by Diana Rowe, MEM/MBA ‘16
This article was written in response to a seminar given by Gregory Aliff, Vice Chairman and Senior Partner, Deloitte Energy and Resources practice, in an EDGE Seminar on Apr. 9, 2014 at Duke University’s Fuqua School of Business.
Utilities, using conventional power generation, have assumed a long-standing responsibility of deploying safe, reliable, and cost-effective electricity. Greg Aliff, Vice Chairman and Senior Partner of Deloitte’s Energy and Resources practice, argues that utilities must now work to balance a fourth consideration: environmental impact. Yet, this final consideration comes at a cost that many utilities remain unsure of how to handle.
Increasing concerns over climate change have added additional pressure on utilities to balance the seemingly competing interest of environmental sustainability. For countries with aging, centralized grids, the integration of renewables into its transmission system presents a number of technical and economic challenges: 1) high up-front capital costs that are particularly vulnerable to changes in the market; 2) solar and wind produce power intermittently and don’t necessarily coincide with peak demand; and 3) the best sites for renewables tend to be far from consumption, making them more costly to connect.
While Aliff and the utility industry are still in the phase of hypothesis and forecasting for the fate of the U.S. utility industry, their counterparts in Germany are living the financial nightmare of an accelerated fuel transition right now.
Germany has mandated that renewables comprise 80 percent of the country’s installed capacity and 60 percent of total generation by 2050. The objective of Germany’s policy is to reduce greenhouse gas (GHG) emissions by up to 80-95 percent of 1990 emission levels by the conclusion of the renewables deployment. To further incentivize build-out, Germany passed its renewables energy law in 2000, which guarantees a 20-year, fixed-wholesale price for solar and wind producers as well as preferential access to the grid. The policies have succeeded in incentivizing construction of solar and wind farms, as renewables accounted for 23.4 percent of total generation in 2013. However, the accomplishment has come at a price higher than expected.
Wholesale electricity prices in Germany have been on a rapid decline as renewables assume a greater share of dispatched electricity. For utilities, the push for renewables has correlated with a nose dive in revenue. More than half the renewables in Germany are owned by private investors, and although the marginal cost of production for renewables is significantly lower than conventional power sources, the necessity to scale-back production from baseload nuclear and coal-fired plants has taken its toll on infrastructure not designed for ramp rates required to accommodate intermittency. The Economist reported in October 2013 that the country’s largest utility, E.ON, has seen a 75 percent drop in its peak share price. RWE, Germany’s second-largest utility, has witnessed recurrent net income loss of 30 percent since 2010.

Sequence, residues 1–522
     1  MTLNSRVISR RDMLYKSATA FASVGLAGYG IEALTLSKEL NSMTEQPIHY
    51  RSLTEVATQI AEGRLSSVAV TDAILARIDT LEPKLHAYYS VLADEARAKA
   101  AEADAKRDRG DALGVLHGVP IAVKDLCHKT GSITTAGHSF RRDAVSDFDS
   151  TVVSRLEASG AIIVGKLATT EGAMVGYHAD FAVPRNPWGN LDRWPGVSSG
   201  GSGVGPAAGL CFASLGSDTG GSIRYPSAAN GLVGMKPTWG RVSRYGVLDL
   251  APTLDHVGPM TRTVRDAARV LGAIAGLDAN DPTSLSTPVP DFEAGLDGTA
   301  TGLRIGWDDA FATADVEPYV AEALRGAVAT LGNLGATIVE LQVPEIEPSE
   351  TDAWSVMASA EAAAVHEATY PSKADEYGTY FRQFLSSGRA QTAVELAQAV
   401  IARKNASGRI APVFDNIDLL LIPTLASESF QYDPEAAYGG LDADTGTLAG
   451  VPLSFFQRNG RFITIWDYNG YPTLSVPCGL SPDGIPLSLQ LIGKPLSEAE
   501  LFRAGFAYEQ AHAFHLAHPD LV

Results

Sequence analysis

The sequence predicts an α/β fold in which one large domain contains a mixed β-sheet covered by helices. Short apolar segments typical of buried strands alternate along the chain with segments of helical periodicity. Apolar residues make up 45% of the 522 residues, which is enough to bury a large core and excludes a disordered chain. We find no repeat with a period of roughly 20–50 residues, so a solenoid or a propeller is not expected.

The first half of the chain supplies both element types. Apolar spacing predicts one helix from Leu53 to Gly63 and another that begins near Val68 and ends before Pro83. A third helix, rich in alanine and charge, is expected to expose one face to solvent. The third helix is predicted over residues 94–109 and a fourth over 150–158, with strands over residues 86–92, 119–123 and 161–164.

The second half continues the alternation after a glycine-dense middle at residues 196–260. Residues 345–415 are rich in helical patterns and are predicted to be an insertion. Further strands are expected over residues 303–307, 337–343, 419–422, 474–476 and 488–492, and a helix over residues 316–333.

The irony in Germany’s aggressive renewables policy is that it has done little to alter the GHG emissions. Any decrease in GHG emissions has only created more opportunity for companies to raise emissions or trade carbon credits under the EU’s ETS allowances program. (The impact of cheap natural gas in the U.S. has displaced the use of coal in U.S. power generation, thus prompting increased exports to Europe where the price of coal is more economical than the regional price for natural gas. In 2013, Germany’s burning of brown coal reached its highest level since 1990.) The introduction of policy instruments with similar goals but alternate executions has collectively undermined the efficiency of the individual initiatives.
With a drastically different political landscape than the U.S., it’s unlikely that such an aggressive mandate as Germany’s would ever find a home on American soil. However, the case in Germany does illustrate the deficiency in the traditional, vertically-integrated utility model. U.S. policymakers and industry players must utilize the lessons learned in Germany to proactively address the fate of the industry as fuel environmental concerns continue to challenge business as usual.